A buffer solution consists of a weak acid and the salt form of its conjugate base. Buffer solutions can be made at a specific pH, and then small amounts of strong acids or bases can be added to the solution, and the pH will not change measurably. The acids and bases in the buffer react with the outside materials to maintain equilibrium.
If large quantities of strong acid or base are added to the solution, the equilibrium reaction will drive toward completion, and the solution is said to have exceeded its buffer capacity.
Generally, we have the acid-base reaction
where is the acid and is the conjugate base.
We have then
From this, we obtain
This is what is known as Henderson Hasselbach equation.
Human blood is a solution that must be maintained in a narrow pH range, between 7.35 and 7.45 in a healthy person. The lungs and kidneys work together to maintain this acid-base balance and provide several examples of buffer systems.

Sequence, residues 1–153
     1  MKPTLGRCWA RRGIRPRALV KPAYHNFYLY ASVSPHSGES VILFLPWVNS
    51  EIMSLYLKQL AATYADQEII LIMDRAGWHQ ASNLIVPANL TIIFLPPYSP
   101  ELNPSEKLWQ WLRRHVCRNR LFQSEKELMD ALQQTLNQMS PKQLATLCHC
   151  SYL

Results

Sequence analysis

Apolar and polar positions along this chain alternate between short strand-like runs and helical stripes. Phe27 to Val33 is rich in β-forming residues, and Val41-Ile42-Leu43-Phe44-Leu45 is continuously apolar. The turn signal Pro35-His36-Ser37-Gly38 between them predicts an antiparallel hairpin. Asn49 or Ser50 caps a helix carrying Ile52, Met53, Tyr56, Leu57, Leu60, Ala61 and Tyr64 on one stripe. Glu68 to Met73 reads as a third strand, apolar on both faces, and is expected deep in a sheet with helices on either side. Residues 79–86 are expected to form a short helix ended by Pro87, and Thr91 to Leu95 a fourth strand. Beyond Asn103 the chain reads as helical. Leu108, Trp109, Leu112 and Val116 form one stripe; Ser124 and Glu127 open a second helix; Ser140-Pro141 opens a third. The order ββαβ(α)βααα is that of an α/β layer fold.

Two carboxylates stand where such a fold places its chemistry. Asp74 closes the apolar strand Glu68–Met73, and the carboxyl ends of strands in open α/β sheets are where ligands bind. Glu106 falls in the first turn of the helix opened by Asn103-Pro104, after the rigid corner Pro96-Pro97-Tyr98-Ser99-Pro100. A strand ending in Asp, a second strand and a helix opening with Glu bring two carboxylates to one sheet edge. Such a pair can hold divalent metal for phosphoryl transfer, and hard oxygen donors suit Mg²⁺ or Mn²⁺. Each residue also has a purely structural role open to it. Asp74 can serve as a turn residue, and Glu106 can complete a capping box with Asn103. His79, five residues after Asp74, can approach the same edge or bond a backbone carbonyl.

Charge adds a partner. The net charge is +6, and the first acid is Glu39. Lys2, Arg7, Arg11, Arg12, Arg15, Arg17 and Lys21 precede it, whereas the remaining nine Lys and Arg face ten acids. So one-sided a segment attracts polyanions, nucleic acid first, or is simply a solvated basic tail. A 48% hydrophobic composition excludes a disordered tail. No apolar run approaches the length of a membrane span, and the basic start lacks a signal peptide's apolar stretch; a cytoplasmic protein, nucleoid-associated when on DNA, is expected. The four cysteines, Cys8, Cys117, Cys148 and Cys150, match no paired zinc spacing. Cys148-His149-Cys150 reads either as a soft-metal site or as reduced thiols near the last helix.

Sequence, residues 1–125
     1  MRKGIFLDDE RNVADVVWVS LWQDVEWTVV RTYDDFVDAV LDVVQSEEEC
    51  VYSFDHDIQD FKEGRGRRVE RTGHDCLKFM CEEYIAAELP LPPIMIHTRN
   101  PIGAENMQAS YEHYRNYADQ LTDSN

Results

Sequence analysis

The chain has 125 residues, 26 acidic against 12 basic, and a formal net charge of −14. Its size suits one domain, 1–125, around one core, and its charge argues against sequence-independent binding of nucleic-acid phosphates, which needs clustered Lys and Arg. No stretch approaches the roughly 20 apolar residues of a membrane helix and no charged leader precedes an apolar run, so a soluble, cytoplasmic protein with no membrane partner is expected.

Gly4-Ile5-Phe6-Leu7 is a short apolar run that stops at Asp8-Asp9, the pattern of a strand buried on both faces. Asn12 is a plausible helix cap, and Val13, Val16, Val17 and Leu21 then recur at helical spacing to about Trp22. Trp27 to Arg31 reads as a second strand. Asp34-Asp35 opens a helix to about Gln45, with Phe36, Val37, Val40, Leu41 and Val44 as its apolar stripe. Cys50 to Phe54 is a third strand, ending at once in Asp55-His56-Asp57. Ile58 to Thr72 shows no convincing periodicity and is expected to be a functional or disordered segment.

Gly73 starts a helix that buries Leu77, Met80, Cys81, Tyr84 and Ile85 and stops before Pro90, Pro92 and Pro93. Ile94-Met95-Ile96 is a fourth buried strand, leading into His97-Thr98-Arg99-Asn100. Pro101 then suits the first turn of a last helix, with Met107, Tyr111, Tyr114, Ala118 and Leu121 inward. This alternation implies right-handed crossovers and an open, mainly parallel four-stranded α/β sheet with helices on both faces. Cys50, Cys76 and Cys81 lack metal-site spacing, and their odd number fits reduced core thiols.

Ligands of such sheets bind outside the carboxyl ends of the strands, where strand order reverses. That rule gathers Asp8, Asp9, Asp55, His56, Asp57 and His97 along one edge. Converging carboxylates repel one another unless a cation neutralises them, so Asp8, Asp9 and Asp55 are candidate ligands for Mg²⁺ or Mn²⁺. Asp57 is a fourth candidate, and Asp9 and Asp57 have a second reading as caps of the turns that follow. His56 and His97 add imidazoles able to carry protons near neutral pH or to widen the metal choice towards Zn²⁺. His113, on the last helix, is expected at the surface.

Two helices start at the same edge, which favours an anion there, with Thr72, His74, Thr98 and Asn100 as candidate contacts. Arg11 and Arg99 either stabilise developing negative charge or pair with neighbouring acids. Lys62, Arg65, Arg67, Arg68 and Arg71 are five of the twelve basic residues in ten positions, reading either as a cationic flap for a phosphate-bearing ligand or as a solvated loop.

One buffer in the blood is hemoglobin (Hb), the molecule within red blood cells that transports oxygen throughout the body. When hemoglobin unloads oxygen in the tissues, it can bind to hydrogen, decreasing the pH of the blood:
This is useful, because carbon dioxide is a major waste product in human tissues, and it is converted to bicarbonate and hydrogen ions through the following two-step process:
Once the hemoglobin molecules reach the lungs, the reactions reverse. Hydrogen is released, and the hemoglobin binds a new oxygen molecule to deliver to the tissues.
Carbon dioxide and its conjugate base, bicarbonate, work together to make another buffer system in the blood. Ions convert easily between the acid and the base to maintain the proper pH, and excess molecules of are excreted through the lungs while is removed by the kidneys.
When a person is hyperventilating, they are breathing faster than normal. The result is that more carbon dioxide is being released from the body. When a person first starts to hyperventilate, what would you expect to happen to the pH of the blood?